Walking In The Rain Seoul

Julian Opie

Screenprint on Somerset 600 gsm paper, edition of 50


59 x 86 inches

Opie has a clear visual language and is known for his distinct graphic style, with clean lines and bold composition and colour. He uses a mix of Pop, Urban and Cartoon aesthetic, and employs a number of influences, mediums and technologies to create his work.  Spanning from classical English and Dutch portraiture, Pop Art, in particular the work of Andy Warhol and Roy Lichtenstein, Egyptian hieroglyphs and Japanese woodblock prints, as well as public signage, information boards and traffic signs.

Julian Opie graduated from Goldsmiths collage in 1982 and became a leading British artist in the 1980’s, in 1995 he was awarded the Sargent Fellowship at the British School in Rome.  His method of working allowed him to transition between fine art and commercial design. In 2000 he was commissioned to design an album cover for British pop band Blur, and in 2006, he created an LED projection for U2’s Vertigo world tour. In 2008 he curated an exhibition of Utagawa Hiroshige woodblock prints.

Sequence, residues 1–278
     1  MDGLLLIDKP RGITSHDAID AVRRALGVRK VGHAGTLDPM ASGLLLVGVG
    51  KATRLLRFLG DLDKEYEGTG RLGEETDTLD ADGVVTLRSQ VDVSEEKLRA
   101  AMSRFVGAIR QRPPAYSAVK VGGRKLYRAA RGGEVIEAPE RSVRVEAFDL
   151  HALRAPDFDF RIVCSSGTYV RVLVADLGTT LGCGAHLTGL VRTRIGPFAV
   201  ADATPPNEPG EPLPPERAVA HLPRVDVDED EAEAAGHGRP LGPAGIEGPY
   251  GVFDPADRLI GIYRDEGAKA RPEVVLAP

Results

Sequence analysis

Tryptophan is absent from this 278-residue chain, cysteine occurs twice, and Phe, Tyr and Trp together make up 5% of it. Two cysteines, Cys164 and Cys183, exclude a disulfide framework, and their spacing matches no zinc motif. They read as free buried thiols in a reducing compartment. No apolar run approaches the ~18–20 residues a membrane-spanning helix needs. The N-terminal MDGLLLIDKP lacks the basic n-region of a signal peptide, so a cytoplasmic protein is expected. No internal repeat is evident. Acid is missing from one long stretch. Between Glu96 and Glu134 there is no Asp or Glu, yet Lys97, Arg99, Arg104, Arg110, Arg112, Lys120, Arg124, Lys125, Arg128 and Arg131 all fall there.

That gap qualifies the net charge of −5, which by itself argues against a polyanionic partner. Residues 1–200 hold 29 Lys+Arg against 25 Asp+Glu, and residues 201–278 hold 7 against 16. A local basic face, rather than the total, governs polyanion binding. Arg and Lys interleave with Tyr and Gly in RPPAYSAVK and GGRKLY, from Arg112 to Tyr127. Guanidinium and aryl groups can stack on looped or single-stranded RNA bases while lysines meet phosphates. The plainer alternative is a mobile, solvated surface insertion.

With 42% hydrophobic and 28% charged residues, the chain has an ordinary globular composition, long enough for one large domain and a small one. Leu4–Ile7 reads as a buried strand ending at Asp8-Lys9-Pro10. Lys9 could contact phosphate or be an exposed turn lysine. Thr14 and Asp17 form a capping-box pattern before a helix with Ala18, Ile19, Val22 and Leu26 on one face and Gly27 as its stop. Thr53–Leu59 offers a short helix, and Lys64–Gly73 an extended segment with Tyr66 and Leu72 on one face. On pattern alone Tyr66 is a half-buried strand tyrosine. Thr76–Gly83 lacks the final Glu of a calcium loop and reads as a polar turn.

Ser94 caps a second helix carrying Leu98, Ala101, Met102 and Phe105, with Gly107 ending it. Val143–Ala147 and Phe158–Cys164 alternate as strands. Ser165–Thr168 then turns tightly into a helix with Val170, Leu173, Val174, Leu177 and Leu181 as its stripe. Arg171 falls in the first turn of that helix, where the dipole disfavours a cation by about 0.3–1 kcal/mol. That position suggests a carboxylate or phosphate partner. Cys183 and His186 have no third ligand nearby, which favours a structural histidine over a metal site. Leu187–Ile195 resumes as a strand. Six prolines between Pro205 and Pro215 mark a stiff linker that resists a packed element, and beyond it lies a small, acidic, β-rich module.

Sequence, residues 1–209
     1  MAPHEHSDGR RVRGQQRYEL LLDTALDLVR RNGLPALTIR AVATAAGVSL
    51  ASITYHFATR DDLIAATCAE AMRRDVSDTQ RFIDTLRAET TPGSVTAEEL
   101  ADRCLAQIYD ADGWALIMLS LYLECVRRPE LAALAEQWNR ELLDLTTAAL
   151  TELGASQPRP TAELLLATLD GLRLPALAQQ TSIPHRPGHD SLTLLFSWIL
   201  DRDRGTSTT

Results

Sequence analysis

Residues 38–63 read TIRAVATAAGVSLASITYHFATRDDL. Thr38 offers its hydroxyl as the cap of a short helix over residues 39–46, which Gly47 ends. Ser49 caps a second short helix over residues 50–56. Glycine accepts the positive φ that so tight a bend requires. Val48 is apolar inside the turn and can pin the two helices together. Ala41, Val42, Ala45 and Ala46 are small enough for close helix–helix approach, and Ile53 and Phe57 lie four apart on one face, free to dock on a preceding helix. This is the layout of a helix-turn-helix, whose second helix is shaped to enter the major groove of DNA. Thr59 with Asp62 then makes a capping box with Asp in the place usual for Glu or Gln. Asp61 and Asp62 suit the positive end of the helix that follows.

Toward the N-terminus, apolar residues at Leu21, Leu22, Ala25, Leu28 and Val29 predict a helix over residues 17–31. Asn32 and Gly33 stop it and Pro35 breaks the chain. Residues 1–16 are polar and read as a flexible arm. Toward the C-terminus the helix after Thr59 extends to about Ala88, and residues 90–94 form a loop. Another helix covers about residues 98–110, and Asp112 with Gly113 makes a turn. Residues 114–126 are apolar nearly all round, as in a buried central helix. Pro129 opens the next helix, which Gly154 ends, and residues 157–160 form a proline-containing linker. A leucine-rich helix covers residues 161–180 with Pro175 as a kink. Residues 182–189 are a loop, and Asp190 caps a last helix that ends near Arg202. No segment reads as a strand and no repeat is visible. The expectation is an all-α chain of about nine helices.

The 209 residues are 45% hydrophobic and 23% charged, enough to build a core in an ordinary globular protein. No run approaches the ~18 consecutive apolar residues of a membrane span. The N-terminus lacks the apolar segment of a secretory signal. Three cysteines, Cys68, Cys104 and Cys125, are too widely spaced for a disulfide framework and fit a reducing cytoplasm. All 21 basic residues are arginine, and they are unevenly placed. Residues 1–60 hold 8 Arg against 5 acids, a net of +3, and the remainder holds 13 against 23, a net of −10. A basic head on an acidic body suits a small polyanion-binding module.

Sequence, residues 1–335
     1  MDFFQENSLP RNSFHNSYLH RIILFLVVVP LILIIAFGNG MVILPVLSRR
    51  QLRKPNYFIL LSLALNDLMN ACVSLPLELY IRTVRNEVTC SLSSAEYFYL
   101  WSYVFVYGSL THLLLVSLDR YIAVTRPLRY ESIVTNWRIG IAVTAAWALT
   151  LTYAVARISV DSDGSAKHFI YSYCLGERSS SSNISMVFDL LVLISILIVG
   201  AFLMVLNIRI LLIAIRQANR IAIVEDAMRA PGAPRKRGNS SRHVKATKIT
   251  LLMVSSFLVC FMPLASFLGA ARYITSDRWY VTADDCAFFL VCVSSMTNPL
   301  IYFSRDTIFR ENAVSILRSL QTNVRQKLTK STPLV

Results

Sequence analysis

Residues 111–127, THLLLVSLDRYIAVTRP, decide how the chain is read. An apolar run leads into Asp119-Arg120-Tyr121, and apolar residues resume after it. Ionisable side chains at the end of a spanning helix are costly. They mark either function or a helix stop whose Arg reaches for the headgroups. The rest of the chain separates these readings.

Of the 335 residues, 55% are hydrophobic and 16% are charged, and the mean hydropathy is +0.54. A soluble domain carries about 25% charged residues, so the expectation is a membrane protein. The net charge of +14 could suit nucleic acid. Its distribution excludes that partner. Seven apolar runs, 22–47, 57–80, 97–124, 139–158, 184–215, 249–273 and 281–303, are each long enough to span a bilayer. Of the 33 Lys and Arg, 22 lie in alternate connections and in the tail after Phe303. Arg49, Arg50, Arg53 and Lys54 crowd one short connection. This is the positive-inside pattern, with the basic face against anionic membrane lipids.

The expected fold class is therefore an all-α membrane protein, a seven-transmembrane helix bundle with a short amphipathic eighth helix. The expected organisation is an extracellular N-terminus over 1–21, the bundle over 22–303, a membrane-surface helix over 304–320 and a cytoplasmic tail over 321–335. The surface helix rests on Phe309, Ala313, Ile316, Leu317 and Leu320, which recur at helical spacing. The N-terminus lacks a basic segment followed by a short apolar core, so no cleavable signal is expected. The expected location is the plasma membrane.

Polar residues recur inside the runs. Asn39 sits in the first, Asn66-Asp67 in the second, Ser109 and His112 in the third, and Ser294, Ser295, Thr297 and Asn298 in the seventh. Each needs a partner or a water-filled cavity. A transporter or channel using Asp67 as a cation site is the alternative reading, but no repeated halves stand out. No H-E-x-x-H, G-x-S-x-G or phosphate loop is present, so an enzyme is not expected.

This artwork Walking in the Rain Seoul was created in 2015 when Julian Opie was invited to participate in a show in South Korea. He recalls that he was in Seoul outside his studio when he first took photos of passers-by as soon as it started raining, then he gathered the images together to capture this moment.  “With the umbrellas included, the images became large and complicated with a layering of different movement from top to bottom. This was probably the most complicated picture I had managed to compose so far. The rainy season was over and when the rain came it was light and the weather was warm. The resulting image is very personal and unique in feel, mood and colour.”

Opie currently lives and works in London, England. He has number of public installations around the world and has exhibited in many of the major Museums. His works are part of museum collections, including The Museum of Modern Art in New York, the National Portrait Gallery and the Tate in London and the Stedelijk Museum in Amsterdam.

PreviousBack to GalleryNext